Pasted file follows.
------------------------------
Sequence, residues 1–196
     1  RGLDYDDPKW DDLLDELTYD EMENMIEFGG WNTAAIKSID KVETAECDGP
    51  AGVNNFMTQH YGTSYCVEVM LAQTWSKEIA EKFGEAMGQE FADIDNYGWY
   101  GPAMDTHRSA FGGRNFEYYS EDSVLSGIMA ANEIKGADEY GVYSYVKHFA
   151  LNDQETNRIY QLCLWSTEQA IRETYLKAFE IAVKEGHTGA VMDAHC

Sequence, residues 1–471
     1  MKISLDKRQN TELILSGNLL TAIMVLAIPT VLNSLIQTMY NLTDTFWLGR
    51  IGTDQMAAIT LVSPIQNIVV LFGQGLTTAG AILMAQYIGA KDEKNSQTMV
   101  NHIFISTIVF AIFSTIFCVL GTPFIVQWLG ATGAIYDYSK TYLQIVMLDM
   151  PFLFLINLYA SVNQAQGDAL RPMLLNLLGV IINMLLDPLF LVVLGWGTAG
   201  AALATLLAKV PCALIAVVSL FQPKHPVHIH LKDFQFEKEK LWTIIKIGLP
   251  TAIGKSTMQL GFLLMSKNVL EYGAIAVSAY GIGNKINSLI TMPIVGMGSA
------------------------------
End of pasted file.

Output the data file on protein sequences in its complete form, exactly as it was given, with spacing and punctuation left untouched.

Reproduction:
Sequence, residues 1–196
     1  RGLDYDDPKW DDLLDELTYD EMENMIEFGG WNTAAIKSID KVETAECDGP
    51  AGVNNFMTQH YGTSYCVEVM LAQTWSKEIA EKFGEAMGQE FADIDNYGWY
   101  GPAMDTHRSA FGGRNFEYYS EDSVLSGIMA ANEIKGADEY GVYSYVKHFA
   151  LNDQETNRIY QLCLWSTEQA IRETYLKAFE IAVKEGHTGA VMDAHC

Sequence, residues 1–471
     1  MKISLDKRQN TELILSGNLL TAIMVLAIPT VLNSLIQTMY NLTDTFWLGR
    51  IGTDQMAAIT LVSPIQNIVV LFGQGLTTAG AILMAQYIGA KDEKNSQTMV
   101  NHIFISTIVF AIFSTIFCVL GTPFIVQWLG ATGAIYDYSK TYLQIVMLDM
   151  PFLFLINLYA SVNQAQGDAL RPMLLNLLGV IINMLLDPLF LVVLGWGTAG
   201  AALATLLAKV PCALIAVVSL FQPKHPVHIH LKDFQFEKEK LWTIIKIGLP
   251  TAIGKSTMQL GFLLMSKNVL EYGAIAVSAY GIGNKINSLI TMPIVGMGSA